The family are also focusing on making Atticus’s remaining months enjoyable and creating memories for his one-year-old sister, Hemploe. 

Mr Feduchin-Pate added: ‘We also hope to raise money for The Brain Tumour Charity and to give Atticus the best life he can have, however long that continues for.

‘He has a little sister, Hemploe, who he adores, and we want to give her the best memories with her big brother before he passes.’

Atticus’s parents say their only hope now is to give their son the best of the life he has left, and try to help other children suffering from the same fate by joining a clinical trial of a new drug which could treat the rare type of brain tumour. Pictured: Atticus as a baby

Atticus’s family are now raising money for the Brain Tumour Charity, which funds research into the deadly cancers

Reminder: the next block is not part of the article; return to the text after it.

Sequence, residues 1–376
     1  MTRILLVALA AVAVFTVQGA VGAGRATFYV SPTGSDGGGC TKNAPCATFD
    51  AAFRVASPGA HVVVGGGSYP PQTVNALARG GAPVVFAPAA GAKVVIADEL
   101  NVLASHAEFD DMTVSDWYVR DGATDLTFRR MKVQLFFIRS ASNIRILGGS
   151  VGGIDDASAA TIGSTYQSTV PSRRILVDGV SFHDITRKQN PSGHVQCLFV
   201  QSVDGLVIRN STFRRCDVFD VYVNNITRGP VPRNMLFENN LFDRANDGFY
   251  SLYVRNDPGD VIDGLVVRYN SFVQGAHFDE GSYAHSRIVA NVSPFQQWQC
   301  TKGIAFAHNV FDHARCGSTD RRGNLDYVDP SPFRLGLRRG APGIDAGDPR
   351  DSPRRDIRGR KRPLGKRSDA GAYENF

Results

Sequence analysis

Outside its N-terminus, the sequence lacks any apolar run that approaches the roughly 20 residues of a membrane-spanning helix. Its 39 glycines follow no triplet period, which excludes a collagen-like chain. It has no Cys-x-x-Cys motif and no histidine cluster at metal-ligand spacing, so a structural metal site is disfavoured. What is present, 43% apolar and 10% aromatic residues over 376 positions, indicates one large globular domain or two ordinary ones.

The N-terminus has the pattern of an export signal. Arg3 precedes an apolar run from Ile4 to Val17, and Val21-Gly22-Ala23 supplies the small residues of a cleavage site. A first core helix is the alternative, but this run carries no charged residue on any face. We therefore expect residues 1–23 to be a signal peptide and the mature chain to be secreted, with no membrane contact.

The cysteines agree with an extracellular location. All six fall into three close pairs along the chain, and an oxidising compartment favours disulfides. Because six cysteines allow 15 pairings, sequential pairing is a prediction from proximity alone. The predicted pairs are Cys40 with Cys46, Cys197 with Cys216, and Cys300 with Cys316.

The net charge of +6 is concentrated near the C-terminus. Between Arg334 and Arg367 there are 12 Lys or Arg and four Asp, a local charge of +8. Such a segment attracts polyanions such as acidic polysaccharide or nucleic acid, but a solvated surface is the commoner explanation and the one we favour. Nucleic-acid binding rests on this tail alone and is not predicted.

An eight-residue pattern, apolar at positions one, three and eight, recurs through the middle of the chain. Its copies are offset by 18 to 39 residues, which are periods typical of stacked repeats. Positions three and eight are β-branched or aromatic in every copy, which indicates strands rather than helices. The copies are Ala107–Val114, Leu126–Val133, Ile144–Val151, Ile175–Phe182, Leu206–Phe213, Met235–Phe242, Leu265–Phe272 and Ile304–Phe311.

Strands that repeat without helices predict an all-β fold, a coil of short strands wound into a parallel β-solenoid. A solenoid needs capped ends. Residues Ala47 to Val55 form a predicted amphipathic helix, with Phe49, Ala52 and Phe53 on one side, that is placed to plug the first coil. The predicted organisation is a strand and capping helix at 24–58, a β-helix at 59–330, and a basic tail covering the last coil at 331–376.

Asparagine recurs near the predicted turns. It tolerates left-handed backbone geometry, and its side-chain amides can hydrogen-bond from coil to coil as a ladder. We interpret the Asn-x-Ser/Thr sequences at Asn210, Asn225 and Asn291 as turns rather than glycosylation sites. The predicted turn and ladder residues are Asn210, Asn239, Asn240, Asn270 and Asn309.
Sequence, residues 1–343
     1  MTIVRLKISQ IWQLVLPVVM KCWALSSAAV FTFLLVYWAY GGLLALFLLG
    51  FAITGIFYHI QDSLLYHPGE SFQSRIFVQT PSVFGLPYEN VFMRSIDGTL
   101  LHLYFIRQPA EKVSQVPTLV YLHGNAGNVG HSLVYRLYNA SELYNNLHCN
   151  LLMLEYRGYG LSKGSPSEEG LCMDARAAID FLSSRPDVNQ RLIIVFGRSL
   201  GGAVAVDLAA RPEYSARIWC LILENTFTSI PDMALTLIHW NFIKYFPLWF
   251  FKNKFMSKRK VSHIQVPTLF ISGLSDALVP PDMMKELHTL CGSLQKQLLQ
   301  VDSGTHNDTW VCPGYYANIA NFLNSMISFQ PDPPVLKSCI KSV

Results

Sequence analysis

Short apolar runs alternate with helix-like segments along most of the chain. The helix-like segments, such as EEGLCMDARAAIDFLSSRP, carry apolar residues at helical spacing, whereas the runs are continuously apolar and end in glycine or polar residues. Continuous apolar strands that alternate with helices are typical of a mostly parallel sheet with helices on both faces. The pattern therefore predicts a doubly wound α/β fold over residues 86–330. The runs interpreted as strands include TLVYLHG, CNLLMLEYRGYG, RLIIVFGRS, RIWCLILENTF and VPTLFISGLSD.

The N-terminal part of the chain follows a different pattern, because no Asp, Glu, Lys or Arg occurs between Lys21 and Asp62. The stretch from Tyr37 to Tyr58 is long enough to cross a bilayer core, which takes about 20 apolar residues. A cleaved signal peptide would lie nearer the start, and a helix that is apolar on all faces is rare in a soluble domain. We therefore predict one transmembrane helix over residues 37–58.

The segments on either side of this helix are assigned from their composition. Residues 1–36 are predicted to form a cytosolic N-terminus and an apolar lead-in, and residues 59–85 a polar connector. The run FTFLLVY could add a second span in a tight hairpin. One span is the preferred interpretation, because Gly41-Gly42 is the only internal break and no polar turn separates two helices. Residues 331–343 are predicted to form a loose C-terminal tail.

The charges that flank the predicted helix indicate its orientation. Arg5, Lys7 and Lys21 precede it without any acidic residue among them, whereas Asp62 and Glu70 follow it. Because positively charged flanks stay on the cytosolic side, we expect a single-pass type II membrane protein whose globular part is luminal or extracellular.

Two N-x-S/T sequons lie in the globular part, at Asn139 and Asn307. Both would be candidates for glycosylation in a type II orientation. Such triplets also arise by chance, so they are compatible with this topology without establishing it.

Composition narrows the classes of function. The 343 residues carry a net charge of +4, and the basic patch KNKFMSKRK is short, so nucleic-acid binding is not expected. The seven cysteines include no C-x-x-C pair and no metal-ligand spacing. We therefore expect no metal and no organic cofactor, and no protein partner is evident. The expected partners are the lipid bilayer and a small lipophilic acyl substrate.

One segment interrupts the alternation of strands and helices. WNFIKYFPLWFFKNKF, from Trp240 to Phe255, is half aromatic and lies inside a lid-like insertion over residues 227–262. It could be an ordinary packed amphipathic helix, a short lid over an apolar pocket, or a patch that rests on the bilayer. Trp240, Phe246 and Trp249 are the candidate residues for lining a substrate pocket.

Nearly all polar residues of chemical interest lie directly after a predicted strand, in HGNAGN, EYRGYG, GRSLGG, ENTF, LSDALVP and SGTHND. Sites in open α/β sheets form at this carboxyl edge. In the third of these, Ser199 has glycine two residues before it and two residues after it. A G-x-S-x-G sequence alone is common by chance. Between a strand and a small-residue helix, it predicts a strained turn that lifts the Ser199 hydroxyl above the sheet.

Sarah Lindsell, chief executive of The Brain Tumour Charity, said: ‘Our thoughts are with Atticus, Blaize, Emily and Hemploe during this incredibly difficult time.

‘Brain tumours are the biggest cancer killer of children and people under 40 in the UK and survival rates have not improved significantly over the last 40 years. This must change.

‘We receive no government funding and rely 100% on voluntary donations and gifts in wills to fund world-class research which will help to drive forward our understanding of DIPG.

‘Research of this kind is the only way we can offer hope to families like Atticus’s and end the devastation caused by brain tumours.

‘We wish Atticus all the best with his treatment and we hope that he and his family are able to enjoy many more wonderful times together as they work though his bucket list.’

To donate to a fund to help make Atticus’s remaining time enjoyable and to donate to the Brain Tumour Charity, visit the family’s GoFundMe page.